Informal Trials – Is It Right For You?
Utah law allows you to have your case decided using an “informal trial” if both sides agree to this process. While normally these are used in child custody, parent-time, and support cases, they can also be used to resolve alimony, property, and practically any other family court issue. .
What makes an “informal trial” different from a “formal trial”? Mainly the entire process is streamlined so you can have the entire case heard quickly – sometimes in just a couple hours. This means you can save a tremendous amount of money in legal costs and may not have to wait months for a trial date.
A formal trial often takes months to schedule because the judge has to book several full-days in order to hear your case. A great deal of preparation is needed to prepare exhibits and for questioning witnesses. The trial itself may take days because each side must call witnesses one at a time and take turns questioning them. There are rigid rules of evidence that apply that limit the kinds of questions that can be asked and what evidence the judge may consider. There is a detailed process each side must go through to have the judge consider any evidence.
In contrast, with an informal trial the process is less rigid and time consuming. Each side takes a turn speaking to the court about his or her desires about whatever issues are in dispute and whatever information they want the Judge to know. The Judge asks all the questions. While attorneys and the other party can suggest questions to the Judge, the Judge decides what to ask. The rules of evidence do not apply so either party can present whatever material they want the Judge to consider and the Judge gets to decide what weight to give that evidence. The Court may call other witnesses or may rely upon witness statements. If there is an expert, the expert’s report may be entered into evidence and the expert may be questioned by the Judge, parties, or counsel upon request. At the end each side or their attorney is allowed to make a closing statement and respond to the other side’s arguments. The Judge then renders a decision which is just as binding as if it had been entered after a formal trial.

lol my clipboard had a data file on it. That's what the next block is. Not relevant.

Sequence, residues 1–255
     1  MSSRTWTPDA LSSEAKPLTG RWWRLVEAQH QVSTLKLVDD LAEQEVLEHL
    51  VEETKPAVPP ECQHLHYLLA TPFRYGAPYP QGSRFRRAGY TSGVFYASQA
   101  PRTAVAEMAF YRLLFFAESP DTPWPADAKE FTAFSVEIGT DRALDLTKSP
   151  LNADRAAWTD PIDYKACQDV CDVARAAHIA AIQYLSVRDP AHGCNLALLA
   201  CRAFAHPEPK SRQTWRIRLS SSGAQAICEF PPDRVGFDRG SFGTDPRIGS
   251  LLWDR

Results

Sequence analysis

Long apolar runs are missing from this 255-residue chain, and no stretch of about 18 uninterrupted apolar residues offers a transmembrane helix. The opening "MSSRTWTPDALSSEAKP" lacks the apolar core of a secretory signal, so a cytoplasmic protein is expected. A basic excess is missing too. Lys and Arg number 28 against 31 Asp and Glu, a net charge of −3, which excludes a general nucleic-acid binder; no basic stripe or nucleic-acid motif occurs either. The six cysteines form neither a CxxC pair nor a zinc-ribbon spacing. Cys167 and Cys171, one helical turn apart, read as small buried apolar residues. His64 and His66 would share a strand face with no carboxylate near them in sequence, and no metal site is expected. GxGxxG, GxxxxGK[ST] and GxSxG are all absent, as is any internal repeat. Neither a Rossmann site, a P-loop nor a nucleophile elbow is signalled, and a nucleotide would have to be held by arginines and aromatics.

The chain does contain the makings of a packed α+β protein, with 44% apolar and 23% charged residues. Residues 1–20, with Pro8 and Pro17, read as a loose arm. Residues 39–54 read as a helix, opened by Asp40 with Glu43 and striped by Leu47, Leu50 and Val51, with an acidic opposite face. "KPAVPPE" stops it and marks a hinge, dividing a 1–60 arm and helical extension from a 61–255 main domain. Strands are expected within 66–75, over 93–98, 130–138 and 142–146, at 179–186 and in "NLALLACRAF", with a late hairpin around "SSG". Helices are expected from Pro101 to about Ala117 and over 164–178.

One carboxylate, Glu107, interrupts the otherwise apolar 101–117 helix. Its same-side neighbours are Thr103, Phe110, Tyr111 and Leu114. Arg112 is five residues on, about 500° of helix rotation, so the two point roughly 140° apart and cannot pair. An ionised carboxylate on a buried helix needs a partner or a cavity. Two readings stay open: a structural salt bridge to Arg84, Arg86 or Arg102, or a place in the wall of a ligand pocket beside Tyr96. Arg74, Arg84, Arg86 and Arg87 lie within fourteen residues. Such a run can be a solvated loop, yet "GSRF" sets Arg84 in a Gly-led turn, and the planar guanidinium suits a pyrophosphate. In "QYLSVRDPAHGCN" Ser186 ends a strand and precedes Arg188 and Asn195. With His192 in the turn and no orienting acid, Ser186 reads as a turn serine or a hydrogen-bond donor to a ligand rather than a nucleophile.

The benefit of doing an informal trial is it is quicker and often cheaper and you get to tell your story to the Judge without having to deal with irritating objections from the opposing side. The downside is each side’s ability to question the other party and their witnesses and object is limited which may hinder your ability to prove the other side is not being truthful and ensure the Judge considers important information. Because the rules of evidence do not apply, statements that might not be allowed at a formal trial (such as hearsay, speculation, and legally privileged information) may be considered as evidence by the Judge at an informal trial.
An attorney helps clients going through an informal trial by helping them assemble the evidence they want the Judge to consider in a way that is persuasive and compelling. They help clients prepare effective witness statements and expert reports. They help coach clients to persuasively present their story to the Judge in a way likely to result in a favorable ruling. They help the Judge ask the right questions to opposing parties and witnesses to ensure the truth comes out. And they offer closing arguments on behalf of clients at trial to persuade the Judge to rule in their client’s favor. Many people find it helpful to have their “day in court” and know that the Judge heard from them personally in deciding what to order.
Deciding whether a formal or informal trial is the best way to resolve your case is an important decision. Give the experienced family law attorneys at Wiser Family Law a call today at 855-254-2600 to discuss whether an informal trial is right for you.